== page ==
The Male Menopause, also called Andropause or Androgen Deficiency in the Ageing Male (ADAM), is typically related to a gradual reduction in the levels of testosterone with increasing age.
Mind that testosterone hormone level changes are a natural part of aging in men, and in contrast to the female menopause, which has a larger reproductive hormone decline in a short time, sex hormone changes in men occur gradually over a period of many years.
This gradual decline of testosterone levels (testosterone decline is on average about 1% per year after age 40) is also called late-onset hypogonadism or age-related low testosterone, but most older men still have testosterone levels that are considered to be in the normal range.
Nevertheless, some men may experience symptoms that are unpleasant or can cause health issues, such as depression, mood swings, irritability, reduced sexual desire (lower libido), decreased spontaneous erections or Erectile Dysfunction (ED), breast discomfort or swelling, loss of muscle mass, lack of enthusiasm or energy, infertility, height loss, low bone mineral density, hot flushes or sweating, difficulty sleeping (insomnia), increased tiredness, abdominal weight gain, loss of body hair, decreased concentration ability, and short-term memory.
It’s important to realize that many of the symptoms mentioned above can also be caused by other factors instead of a decline in testosterone levels. These factors are notably lifestyle or psychological issues, such as stress, anxiety, smoking, heart problems, work or relationship problems, poor diet and nutrition, midlife crisis, financial problems, lack of sleep, lack of exercise, excessive use of alcohol, or low self-esteem, to name some possible other causes.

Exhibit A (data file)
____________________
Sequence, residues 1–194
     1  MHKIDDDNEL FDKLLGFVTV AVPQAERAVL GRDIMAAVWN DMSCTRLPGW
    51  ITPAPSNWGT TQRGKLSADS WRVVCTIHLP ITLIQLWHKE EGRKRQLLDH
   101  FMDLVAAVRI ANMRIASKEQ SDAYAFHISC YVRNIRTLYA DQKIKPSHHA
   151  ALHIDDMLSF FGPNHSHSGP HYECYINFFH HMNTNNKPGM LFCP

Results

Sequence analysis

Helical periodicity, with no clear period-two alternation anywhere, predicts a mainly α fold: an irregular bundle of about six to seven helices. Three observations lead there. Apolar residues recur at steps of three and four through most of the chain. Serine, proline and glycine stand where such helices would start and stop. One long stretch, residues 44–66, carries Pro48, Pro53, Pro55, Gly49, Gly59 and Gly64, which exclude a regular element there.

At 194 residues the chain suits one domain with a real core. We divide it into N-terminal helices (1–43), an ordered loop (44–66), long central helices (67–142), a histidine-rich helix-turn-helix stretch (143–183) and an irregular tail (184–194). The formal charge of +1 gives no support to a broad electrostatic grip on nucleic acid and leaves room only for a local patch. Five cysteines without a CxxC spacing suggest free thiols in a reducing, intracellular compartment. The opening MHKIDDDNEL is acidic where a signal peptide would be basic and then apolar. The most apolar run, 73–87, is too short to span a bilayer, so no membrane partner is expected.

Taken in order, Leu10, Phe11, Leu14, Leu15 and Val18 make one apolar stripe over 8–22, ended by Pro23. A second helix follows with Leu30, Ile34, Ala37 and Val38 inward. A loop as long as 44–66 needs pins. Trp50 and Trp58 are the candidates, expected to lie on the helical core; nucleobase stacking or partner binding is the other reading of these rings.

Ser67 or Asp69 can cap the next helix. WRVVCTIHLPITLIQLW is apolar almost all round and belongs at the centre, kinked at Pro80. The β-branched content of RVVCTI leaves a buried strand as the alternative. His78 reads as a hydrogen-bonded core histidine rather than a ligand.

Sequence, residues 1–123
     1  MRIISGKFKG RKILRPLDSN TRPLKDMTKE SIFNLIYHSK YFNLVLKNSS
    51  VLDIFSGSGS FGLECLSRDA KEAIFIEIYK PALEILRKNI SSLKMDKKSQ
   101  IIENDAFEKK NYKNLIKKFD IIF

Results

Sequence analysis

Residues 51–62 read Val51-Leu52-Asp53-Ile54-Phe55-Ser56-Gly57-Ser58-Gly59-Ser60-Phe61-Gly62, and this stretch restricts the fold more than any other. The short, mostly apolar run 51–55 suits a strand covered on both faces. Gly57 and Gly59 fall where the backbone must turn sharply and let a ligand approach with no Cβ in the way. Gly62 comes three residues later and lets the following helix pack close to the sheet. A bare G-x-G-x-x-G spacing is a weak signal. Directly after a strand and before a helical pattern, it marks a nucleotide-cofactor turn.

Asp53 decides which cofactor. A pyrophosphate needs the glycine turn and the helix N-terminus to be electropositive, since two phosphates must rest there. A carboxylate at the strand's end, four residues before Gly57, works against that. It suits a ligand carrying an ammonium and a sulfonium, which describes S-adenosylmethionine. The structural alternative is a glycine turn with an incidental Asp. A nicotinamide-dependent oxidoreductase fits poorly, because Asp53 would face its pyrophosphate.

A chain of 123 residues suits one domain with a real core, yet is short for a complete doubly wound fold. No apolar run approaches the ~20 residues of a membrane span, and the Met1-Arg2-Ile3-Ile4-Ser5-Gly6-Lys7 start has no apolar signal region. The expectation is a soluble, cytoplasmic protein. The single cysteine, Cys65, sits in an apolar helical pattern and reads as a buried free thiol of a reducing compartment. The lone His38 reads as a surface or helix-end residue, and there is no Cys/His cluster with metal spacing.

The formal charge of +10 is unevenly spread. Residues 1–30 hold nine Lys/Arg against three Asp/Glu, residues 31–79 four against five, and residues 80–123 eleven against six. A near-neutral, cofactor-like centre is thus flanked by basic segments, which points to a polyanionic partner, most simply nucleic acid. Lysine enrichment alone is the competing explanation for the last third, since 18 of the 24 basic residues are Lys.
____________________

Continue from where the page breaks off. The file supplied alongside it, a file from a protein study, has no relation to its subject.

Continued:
Taken this into account, men will always need to perform testosterone level tests with an appropriate healthcare provider to see if that’s really the cause of symptoms, that is, to clarify if testosterone levels are below average for a certain man’s age.
If lower than normal testosterone levels are the root cause of symptoms, men may be advised to engage in Hormone Replacement Therapy i.e. Testosterone Replacement Therapy (TRT). Nevertheless, it’s important to notice that TRT may have a range of unwanted side effects, and it’s advised to look well into those before engaging in TRT.
At any rate, it’s perhaps better to first look into alternative options to boost testosterone levels, such as regular physical exercise, weightlifting, Testicles Massage, eating plenty of proteins, healthy fats and carbs, weight loss, avoiding stress and high cortisol levels, Semen Retention practices, increasing Vitamin D intake, moderation in alcohol use, plenty of rest and sleep, taking supplements (such as Zinc, Vitamin D, Magnesium), and eating food with high levels of antioxidants.